Finally, and most importantly, it was created by people who would not have given it the capacity to 'feel emotion'. (Un)fortunately it will be quite a few years before any simulation can accurately model the subjectiveness of sentience and it will require a system with much more diverse ability to perceive its world than this.

4.  Olaf Tomalka said on May 10, 2011

The difference between this neural network and human is that, networks can only do as much as we allow them to - it can't go out of bonds and for example - start singing. It can't ask itself "What am I" for the same reasons it can't create more neurons. As well as neural networks use wages for graph edges while our brains are only binary state (flow of information and no flow at all)

5.  Decker said on May 11, 2011

To Fluck:

So you see people with a sense impairment to not be sentient?

Just kidding, I understand what you meant about it only 'living in the moment'. Interesting concept, but still doesn't necessarily disprove that the program had sentience.

The Oxford English Dictionary (2008) defines sentience as "able to perceive or feel things". If that definition is correct, then yes, the computer is sentient. That definition itself should be changed, of course, because with it a corneal scanner could be perceived as sentient - but that's an argument for another day.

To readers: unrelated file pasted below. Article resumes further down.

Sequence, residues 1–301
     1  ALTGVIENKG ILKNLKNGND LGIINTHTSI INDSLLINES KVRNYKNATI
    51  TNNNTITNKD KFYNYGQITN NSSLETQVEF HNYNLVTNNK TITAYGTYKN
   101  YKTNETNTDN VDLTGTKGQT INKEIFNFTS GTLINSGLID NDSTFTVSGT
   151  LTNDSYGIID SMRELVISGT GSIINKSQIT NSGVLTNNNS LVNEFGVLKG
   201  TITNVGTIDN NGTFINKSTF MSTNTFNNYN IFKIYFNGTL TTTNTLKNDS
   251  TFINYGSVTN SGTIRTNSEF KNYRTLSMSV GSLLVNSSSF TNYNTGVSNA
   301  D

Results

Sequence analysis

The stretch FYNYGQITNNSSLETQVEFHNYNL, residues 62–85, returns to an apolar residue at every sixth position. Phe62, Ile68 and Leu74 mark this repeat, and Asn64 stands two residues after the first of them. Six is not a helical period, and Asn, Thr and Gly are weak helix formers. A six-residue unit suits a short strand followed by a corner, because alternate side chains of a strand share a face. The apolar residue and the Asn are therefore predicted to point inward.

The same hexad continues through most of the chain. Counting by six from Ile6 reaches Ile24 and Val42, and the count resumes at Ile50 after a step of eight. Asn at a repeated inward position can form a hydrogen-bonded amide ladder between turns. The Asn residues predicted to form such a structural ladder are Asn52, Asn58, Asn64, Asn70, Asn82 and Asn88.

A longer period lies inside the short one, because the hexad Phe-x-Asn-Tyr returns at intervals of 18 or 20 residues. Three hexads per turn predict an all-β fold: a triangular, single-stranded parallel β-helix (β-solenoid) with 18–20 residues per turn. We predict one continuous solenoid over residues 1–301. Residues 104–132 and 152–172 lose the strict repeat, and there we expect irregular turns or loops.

If we approach sentience traditionally, and view it as the ability to perceive oneself (Such as humans and some Apes) then yes, the program is (or was?) sentient. It was even so aware of itself that DISCERN started "putting itself at the center of fantastical, delusional stories that incorporated elements from other stories it had been told to recall. In one answer, for instance, DISCERN claimed responsibility for a terrorist bombing." In that it was able to involve itself in a story (and in fact, that it could create a unique story at all) shows that it had at least rudimentary sentience.

To Olaf Tomalka

Your point is valid, but it could be argued that it is only due to the supervision that the program underwent. One could argue (If, of course, you leant more on the "nurture" side of the debate) that you could raise a person to never act spontaneously (Or possibly even develop sentience? Despite the moral qualms, it would be interesting to see the results of a human child raised inside sensory deprivation).